Tillotson Construction wins Rock Valley contract, loses $870 judgment for employee’s injuries

Photo by Rock Valley city administrator Tom Van Maanen

East Elevator To Be Sold At Public Auction Saturday

Directors of the Farmers Elevator company decided last week to sell the red (east) elevator structure to make way for the new concrete storage elevator. Included also will be a feed shed and the driveway office structure.

Various and sundry pieces of equipment are being offered for sale, either before or during the public auction, scheduled to be held this Saturday, starting at 2:00 p.m.

The elevator building to be sold has a 15,000 bushel capacity and Manager Owen Manning has pointed out that the driveway and office would make a good machine shed. The feed shed measures 30 by 48 feet. See the advertisement on another page for the list of machinery and equipment up for sale.

Manager Manning said that the contract for the new concrete storage building had been awarded to the Tillotson Construction company of Omaha and that work on the structure will begin on or about June 1. The building is due to be completed about September 15 and work may be far enough advanced to permit acceptance of grain for storage about September 1.

Rock Valley Bee, Thursday, April 27, 1950 

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Sioux County Courthouse News 

In the case of Winfield Kenneth Bagley vs Tillotson Construction Company & American Mu. Liability, the court approved the compromise settlement between the parties in which the defendants are to pays $870.00 to plaintiff for injuries he received to his foot, while employed at Rock Valley, Iowa by the Tillotson Construction Co.

Sioux Center News, Thursday, August 16, 1951 


Tillotson Construction’s Ralston, Iowa, project ‘progressing nicely’ in 1939

Ralston, Iowa–The work on the new annex at the Farmers Elevator is progressing nicely. The Tillotson Construction Company of Omaha will soon have it ready to store grain.

Carroll (Iowa) Daily Herald, Wednesday, September 13, 1939

Note: The New York Times visited Ralston in 2006 for a story about inadequate storage capacity in the face of madly expanding corn production.

Tillotson Construction builds new elevator in Glidden, Iowa

Glidden—The Tillotson construction company, Omaha, started work Saturday on a new reinforced concrete elevator for the Farmers Co-Operative elevator at Glidden.

Carroll (Iowa) Daily Times Herald, Monday, April 11, 1949

Glidden—As part of an expansion program at the Glidden Farmers Co-operative company, work begun April 13 on a reinforced concrete elevator with a 100,000 bushel capacity is progressing rapidly toward completion.

About 20 feet higher than the present buildings, the new elevator will be situated east of them. With the additional storage space the company, for several years the largest co-operative elevator owned and operated in Iowa, will be able to take care of a large amount of corn and beans grown extensively in the Glidden area.

The 100-ft.-high main storage part of the new elevator is up, and bin bottoms are being covered with concrete and hopper fill.

Approximately 35 men are working 10 hours a day on construction of the new elevator, which is under the direction of the Tillotson Construction company of Omaha.

It is expected to be completed by July or August.

Carroll (Iowa) Daily Times Herald, Wednesday, June 22, 1949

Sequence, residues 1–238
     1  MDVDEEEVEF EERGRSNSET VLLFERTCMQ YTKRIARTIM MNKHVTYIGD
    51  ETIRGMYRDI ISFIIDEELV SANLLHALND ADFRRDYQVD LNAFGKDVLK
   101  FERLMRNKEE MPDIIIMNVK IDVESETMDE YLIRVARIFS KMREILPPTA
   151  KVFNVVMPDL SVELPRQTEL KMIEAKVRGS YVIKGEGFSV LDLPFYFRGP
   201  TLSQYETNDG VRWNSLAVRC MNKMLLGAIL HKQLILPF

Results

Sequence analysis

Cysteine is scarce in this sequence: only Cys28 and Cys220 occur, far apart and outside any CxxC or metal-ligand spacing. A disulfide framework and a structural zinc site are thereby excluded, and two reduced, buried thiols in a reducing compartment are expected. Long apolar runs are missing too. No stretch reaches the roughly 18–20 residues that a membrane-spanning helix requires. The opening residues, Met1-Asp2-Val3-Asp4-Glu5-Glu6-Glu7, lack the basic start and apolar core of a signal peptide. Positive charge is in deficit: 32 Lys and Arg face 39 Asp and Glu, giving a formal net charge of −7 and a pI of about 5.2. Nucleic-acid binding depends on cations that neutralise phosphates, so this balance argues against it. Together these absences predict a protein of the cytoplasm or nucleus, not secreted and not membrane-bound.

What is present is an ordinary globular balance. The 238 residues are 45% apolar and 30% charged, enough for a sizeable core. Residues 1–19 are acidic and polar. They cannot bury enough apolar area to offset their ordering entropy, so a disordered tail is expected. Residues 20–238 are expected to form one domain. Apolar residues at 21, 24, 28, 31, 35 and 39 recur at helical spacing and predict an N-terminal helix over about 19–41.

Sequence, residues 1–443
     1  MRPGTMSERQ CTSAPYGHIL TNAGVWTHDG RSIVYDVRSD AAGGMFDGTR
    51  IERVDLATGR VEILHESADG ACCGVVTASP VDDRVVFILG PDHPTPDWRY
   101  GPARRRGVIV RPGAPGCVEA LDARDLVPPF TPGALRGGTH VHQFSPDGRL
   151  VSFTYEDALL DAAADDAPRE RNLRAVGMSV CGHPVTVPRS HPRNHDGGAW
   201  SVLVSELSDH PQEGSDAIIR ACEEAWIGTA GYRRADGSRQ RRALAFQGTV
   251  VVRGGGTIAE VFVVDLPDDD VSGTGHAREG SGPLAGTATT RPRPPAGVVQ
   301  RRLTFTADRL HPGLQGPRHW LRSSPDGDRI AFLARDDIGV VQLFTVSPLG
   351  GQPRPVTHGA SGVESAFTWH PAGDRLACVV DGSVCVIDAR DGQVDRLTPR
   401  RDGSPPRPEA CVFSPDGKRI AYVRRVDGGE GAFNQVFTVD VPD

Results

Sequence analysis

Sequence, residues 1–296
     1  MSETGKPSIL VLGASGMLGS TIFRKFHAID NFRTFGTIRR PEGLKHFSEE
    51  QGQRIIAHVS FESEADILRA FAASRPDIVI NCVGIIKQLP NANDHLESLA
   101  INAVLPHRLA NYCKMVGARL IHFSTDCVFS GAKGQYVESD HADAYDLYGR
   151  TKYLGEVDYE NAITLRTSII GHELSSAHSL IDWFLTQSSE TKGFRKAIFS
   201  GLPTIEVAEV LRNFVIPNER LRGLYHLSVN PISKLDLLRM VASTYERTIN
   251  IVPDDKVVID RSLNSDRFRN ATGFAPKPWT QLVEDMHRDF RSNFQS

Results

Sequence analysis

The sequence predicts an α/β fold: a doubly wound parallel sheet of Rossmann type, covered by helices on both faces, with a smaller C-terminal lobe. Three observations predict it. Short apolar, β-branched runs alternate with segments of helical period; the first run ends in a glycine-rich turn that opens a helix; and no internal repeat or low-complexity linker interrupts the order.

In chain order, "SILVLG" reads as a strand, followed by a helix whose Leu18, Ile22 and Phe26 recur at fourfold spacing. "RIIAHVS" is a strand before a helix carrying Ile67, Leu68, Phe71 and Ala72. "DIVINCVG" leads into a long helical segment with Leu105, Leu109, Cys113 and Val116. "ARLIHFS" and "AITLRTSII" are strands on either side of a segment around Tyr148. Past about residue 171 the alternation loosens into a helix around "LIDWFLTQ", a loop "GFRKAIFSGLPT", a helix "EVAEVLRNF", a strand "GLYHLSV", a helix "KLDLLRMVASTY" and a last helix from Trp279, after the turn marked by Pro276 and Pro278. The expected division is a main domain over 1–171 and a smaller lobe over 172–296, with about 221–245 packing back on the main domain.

Mysteries surround the origin of Mayer-Osborn Company and its first elevator

By Gary Rich

Let me explain about Wauneta, Neb. I got into a lot of trouble there last week. It was my wife that gave me the trouble. I went into the office trying to gain some information. The lady working inside went into the back room. She had all kinds of blueprints. I wasn’t about to pass up a chance looking at them. It took me over them minutes to look at everything. Needless to say, somebody was over the boiling point when I got back out to the car.

Let me give some other information that we thought about J.H. Tillotson, Contractor. Kristen and I thought Mayer-Osborn took over when Joe passed away. Now, I have proof that this wasn’t the case at all.

I found blue prints that pointed to Denver, but more towards Mayer-Osborn. One set of prints was not for an elevator. It was like footing foundations for a building. One set had the date in the body of blueprint, then there was a box in the lower right hand corner that had the company and another date. The first one had Orrie J. Holmen, Designer, Denver, Colo., but no company name was written there. The body of the blueprint had 1948, but the lower right corner showed 1949.

I found another set that had in the lower right-hand corner the following information; Holmen & Mayer, Designers & Engineers, Denver, Colo. So once Joe Tillotson passed away, I believe Orrie J. Holmen took over the company. We know that Gene Mayer worked for Tillotson–both Tillotson Construction, of Omaha, and J.H. Tillotson, of Denver–as well as Bill Osborn. But I could not find any dates for these blueprints.

Yet another set of blueprints had Holmen & Mayer, 1717 East Colfax, Denver, Colo. This is the exact address that is on the Mayer-Osborn brochure. I found even another set of blueprints, which are not blue. They are on clear paper or yellow paper. It shows the old elevator, which is the one without the headhouse. In the lower right-hand corner, it has the following information; Mayer-Osborn, 5100 York Street, Denver, Colo. But there is no date in the lower right corner box.

Kristen found a small article in the Farmers’ Elevator Guide which was a monthly magazine. It told about Mayer-Osborn moving to the address at 5100 York St. It stated that it gave them more room at this location.

This is my guess and my guess only that this is the way company names happened:

  1. J.H. Tillotson, Contractor
  2. Orrie J. Holmen or Holmen Construction
  3. Holmen & Mayer Construction